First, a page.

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Angels and Demons

Dan Brown's book Angels and Demons is a detective story about a secret society that wants to destroy the Vatican using an antimatter bomb. In the book, the antimatter is stolen from CERN.

Angels and Demons ambigram

(ambigram courtesy John Langdon)

Readers have asked us even more questions about the technologies used in the story. Here are our answers.

Does CERN exist?

Well, yes, it does.  You can see us to the left and slightly up from the centre of the city of Meyrin.

Is it located in Switzerland?

Part is in Switzerland, part in France across the border.  CERN is not a Swiss institute, but an international organization. We are very close to Geneva's intercontinental airport.

What does the acronym CERN mean?

That is a long story.

Does it consist of red brick buildings with white-frocked scientists running around carrying files?

No, that is rather far from reality: we have mostly white buildings made of concrete and the scientists wear everyday clothes and they mostly do not carry files.

Was the web really invented at CERN as the book states?

Yes, indeed, the web came from CERN, invented here by Tim Berners-Lee in 1989.

Does antimatter exist?

Yes, it does, and we make it routinely at CERN. Antimatter was predicted by P.A.M. Dirac's theory of quantum mechanics in 1928 and antiparticles were found soon after by Carl Anderson. CERN is not the only research institute to produce and study antimatter.

How is antimatter contained?

With very great difficulty. It annihilates completely when it touches any normal matter. There are two cases:

Case 1: If an antiparticle is electrically neutral then electric and magnetic fields have no hold on it at all. Therefore, there is no easy way to contain neutral antimatter particles, i.e. no way to keep them away from the normal-matter walls of the vessel in which they are.  They therefore almost immediately come into contact with normal matter and annihilate.

Case 2: For electrically charged antimatter particles such as positrons (antielectrons) and antiprotons we know how to use "electromagnetic bottles" to contain them. However:  like charges repel each other.  So it is not possible to put a large quantity of antiprotons together because the repulsive forces between them soon become too strong for the fields that hold them away from the walls.  And you cannot put a mixture of positive antielectrons and negative antiprotons together, because they will make antihydrogen, which is neutral and we are in case 1 again.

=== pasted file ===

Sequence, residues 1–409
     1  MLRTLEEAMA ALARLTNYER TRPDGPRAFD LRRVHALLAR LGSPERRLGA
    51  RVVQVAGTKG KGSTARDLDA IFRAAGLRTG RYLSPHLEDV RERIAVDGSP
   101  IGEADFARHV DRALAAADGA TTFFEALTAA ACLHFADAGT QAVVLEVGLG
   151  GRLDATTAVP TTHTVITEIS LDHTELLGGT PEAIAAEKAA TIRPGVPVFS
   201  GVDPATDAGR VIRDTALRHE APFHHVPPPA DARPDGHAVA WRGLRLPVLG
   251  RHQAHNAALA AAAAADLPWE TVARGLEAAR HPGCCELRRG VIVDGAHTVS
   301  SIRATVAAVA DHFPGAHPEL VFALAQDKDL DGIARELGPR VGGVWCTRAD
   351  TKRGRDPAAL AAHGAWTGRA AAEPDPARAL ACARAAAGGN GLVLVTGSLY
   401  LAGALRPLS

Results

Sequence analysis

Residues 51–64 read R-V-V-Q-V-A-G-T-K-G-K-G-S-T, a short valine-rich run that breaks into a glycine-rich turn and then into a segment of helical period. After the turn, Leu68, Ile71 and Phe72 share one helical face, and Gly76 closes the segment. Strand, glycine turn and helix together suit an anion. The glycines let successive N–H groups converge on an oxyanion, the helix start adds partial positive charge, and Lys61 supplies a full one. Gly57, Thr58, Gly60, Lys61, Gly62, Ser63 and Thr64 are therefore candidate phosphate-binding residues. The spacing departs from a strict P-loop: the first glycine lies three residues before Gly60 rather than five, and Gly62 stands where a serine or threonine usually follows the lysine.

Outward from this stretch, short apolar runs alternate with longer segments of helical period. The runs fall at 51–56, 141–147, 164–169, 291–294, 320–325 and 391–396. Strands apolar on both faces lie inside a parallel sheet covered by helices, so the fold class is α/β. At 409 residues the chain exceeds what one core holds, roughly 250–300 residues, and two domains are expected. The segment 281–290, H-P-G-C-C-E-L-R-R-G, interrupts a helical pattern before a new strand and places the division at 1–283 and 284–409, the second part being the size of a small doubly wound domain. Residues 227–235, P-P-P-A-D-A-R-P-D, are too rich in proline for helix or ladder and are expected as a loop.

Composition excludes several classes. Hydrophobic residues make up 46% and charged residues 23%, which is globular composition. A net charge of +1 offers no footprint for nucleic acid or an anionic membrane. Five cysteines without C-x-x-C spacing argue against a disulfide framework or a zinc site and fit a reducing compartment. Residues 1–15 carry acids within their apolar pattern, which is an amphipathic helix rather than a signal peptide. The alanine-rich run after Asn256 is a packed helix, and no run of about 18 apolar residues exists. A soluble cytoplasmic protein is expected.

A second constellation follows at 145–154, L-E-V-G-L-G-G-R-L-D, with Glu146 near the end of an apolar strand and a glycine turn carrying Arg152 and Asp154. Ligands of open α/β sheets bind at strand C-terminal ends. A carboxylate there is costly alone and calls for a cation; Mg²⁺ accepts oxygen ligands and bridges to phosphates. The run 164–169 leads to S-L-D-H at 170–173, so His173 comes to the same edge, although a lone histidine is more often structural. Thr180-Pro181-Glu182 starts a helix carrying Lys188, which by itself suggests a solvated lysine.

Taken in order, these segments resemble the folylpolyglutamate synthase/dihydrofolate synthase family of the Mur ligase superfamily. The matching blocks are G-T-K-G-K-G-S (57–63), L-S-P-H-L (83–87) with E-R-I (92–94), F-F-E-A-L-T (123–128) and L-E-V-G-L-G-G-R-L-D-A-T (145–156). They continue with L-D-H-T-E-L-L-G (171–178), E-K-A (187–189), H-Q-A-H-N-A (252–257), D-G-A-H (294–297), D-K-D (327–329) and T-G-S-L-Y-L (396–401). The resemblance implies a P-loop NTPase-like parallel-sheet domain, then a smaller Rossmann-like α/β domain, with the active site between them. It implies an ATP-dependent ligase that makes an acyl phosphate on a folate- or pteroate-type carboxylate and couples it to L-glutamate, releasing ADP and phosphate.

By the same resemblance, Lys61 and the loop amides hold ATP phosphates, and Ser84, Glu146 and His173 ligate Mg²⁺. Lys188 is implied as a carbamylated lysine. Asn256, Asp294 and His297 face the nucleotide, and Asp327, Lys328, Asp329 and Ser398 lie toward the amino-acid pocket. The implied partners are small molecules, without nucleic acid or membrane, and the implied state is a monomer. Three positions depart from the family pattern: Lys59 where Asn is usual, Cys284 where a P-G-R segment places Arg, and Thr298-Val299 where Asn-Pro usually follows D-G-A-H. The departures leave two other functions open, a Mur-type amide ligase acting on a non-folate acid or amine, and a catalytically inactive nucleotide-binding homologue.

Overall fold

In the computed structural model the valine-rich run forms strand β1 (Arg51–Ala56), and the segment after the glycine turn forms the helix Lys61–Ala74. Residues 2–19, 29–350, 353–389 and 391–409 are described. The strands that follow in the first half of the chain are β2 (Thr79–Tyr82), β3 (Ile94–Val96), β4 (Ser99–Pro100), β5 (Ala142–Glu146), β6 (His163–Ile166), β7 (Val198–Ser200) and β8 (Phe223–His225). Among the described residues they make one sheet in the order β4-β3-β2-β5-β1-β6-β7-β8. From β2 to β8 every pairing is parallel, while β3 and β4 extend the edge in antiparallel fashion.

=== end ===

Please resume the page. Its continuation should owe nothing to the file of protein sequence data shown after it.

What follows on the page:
So only very minute quantities can be contained.

What are the future uses of antimatter?

Antielectrons, or positrons, are already used in PET scanners in medicine (Positron-Emission Tomography = PET).

Other uses are in studying the laws of nature, as we do at CERN.  The team of the PS210 experiment at the Low Energy Antiproton Ring (LEAR) at CERN made the first antihydrogen atoms in 1995. Then, in 2002 experiments managed to produce tens of thousands of antihydrogen atoms, a sufficient number to study this gas in its antimatter form.  However, although ‘tens of thousands’ may sound a lot, it's really a very very small amount.  You would need 10 000 000 000 000 000 000 times that amount to have enough antihydrogen gas to fill a toy balloon!  If we could somehow store our daily production, it would take us 25 000 000 billion years to fill the balloon.  The universe has only been around for 13.7 billion years... So the Angels and Demons scenario is pure fiction.

Can we hope to use antimatter as a source of energy? Do you feel antimatter could power vehicles in the future, or would it just be used for major power sources?

There is no possibility to use antimatter as energy ‘source’.  Unlike solar energy, coal or oil, antimatter does not occur in nature:  we have to make every particle at the expense of much more energy than it can give back during annihilation.

You might imagine antimatter as a possible temporary storage medium for energy, much like you store electricity in rechargeable batteries.  The process of charging the battery is reversible with relatively small loss.  Still, it takes more energy to charge the battery than what you get back out of it.  For antimatter the loss factors are so enormous that it will never be practical.

If we could assemble all the antimatter we've ever made at CERN and annihilate it with matter, we would have enough energy to light a single electric light bulb for a few minutes.

I was hoping antimatter would be the future answer to our energy needs. It seems more research is needed for this to happen.